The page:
Reply
  • JPForums - Thursday, April 11, 2013 - link

    Integrating things onto a SoC does not make them automatically faster, more power efficient, or cheaper. It usually does allow for a smaller overall system, but that is less a concern for PCs and tablets as it is for smart phones (or very small tablets).

    On die integration does provide for a shorter (lower latency) path, but it is also more space limited which could reduce communications width. In bandwidth limited applications, using a higher bandwidth off die solution could be faster. As an example, a Pentium 4 would most certainly be better off with a dual 64bit channel memory solution than a single (probably 32bit) on die solution as its cache architecture was design to hide memory latency, but a lack of bandwidth would starve the chip.

    On die integration can be (and usually is) more power efficient, but it does require redesigning the integrated component to work of the available power plane. You don't really save any power if you bring all of the auxiliary circuitry with it.

    On die integration can make a system less expensive, but it can also make it more expensive. On the upside, you remove most of the cost of packaging a separate chip. On the down side, you increase the size (cost) of the chip you are integrating into. Which ends up cheaper is highly dependent on how big the chip is, how much the chip size increases, how mature the fabrication process is, and how big your silicon wafers are. Wafers are roughly fixed in cost, so the cost of individual chips depends directly on how many can be successfully fabricated per wafer. Large chips waste a lot of silicon given that rectangular dies don't match well with circular wafers. Also note that the number of defects on a wafer are not dependent on what is being fabricated. The probability per chip of a critical defect goes up exponentially as die size increases. Redundant resources can be disabled to prevent defects from trashing a chip entirely (think cache or GPU pipelines, unified shaders, etc). However, adding in these resources specifically to disable can be self defeating if the die area (and probability of defect) increases more than the redundant resource compensates. Given a small chip, an increase in size has a greater effect on number of chips per wafer, but does not increase the probability of critical defects nearly as significantly as with larger chips. Fabrication processes with high defect rates favor smaller chips as less silicon per ends up in the garbage. Given a lower defect rate, larger dies may be fabricated with a less significant increase in cost. It makes sense to integrate when the difference in package costs are higher than the difference in silicon costs.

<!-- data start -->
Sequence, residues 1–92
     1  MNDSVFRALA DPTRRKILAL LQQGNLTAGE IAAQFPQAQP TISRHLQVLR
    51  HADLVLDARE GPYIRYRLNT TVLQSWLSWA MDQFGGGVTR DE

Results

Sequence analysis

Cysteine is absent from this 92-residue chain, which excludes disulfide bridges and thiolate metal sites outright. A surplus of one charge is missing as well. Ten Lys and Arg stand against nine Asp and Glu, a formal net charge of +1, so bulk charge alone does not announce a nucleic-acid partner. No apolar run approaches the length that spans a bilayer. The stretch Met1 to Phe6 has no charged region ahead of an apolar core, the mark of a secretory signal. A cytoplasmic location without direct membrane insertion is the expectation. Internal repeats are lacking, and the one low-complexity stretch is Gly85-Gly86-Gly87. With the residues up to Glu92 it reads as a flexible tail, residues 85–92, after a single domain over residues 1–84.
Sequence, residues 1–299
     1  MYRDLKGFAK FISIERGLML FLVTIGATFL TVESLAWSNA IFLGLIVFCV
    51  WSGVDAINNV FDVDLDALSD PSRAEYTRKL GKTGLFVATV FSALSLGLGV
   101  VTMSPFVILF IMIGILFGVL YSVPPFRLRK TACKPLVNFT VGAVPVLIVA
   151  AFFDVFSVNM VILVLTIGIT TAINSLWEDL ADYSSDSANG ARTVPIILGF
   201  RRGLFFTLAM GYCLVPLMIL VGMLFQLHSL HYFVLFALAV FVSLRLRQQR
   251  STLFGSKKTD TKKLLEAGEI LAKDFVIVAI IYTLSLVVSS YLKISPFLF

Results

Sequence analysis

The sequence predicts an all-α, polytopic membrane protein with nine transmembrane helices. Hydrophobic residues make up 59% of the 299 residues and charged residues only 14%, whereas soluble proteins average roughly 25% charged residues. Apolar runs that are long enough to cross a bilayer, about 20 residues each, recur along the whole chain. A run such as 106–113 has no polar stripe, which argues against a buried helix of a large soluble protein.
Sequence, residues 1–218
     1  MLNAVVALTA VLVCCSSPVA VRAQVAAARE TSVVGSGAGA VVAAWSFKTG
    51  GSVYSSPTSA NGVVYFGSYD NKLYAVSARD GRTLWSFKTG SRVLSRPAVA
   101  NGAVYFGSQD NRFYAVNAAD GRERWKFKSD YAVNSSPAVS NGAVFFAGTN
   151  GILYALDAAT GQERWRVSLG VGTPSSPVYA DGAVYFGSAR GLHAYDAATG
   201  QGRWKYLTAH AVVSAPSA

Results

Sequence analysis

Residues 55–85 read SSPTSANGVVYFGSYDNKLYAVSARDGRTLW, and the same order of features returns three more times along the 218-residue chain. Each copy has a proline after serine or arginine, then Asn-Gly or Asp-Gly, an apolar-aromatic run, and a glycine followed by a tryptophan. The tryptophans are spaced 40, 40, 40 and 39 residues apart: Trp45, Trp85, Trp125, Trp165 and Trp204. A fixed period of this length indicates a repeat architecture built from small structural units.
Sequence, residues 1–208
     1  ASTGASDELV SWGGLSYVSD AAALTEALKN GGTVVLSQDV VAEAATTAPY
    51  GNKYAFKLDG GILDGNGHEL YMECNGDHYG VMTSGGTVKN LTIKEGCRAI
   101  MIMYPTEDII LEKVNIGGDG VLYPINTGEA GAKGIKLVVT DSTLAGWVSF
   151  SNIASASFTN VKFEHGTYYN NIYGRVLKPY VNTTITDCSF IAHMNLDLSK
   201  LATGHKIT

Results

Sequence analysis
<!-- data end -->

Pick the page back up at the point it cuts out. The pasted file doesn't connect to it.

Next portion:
While heavy integration generally leads to smaller overall packages, it can lead to chips with higher thermal densities. This in turn requires better cooling that can eat up the space you saved. This isn't much of a concern with lower power (and hence cooler) chips, but higher performance chips have to take this into account. Thankfully (or rather by design), the smart phone arena that needs smaller is also generally cooler.

    The point is, ARM SoCs aren't magically going to get as fast as Intel desktop/laptop chips because they are highly integrated. If that were the case, they would've been there a long time ago. Further, if integration were a magic bullet, ARM would be in trouble as they've already seen the benefits and Intel is still working on it and thus still has benefits to receive. Integration may be a tool to allow ARM to get faster (or Intel to get more power efficient), but it is the Cortex A57/Haswell architectures designed to take advantage of this tool that does most of the work.
    Reply
  • UpSpin - Thursday, April 11, 2013 - link

    You talk a lot, a lot is right, but some things are wrong or just very near-sighted:
    Integration makes all I said, and it's more than just being smaller.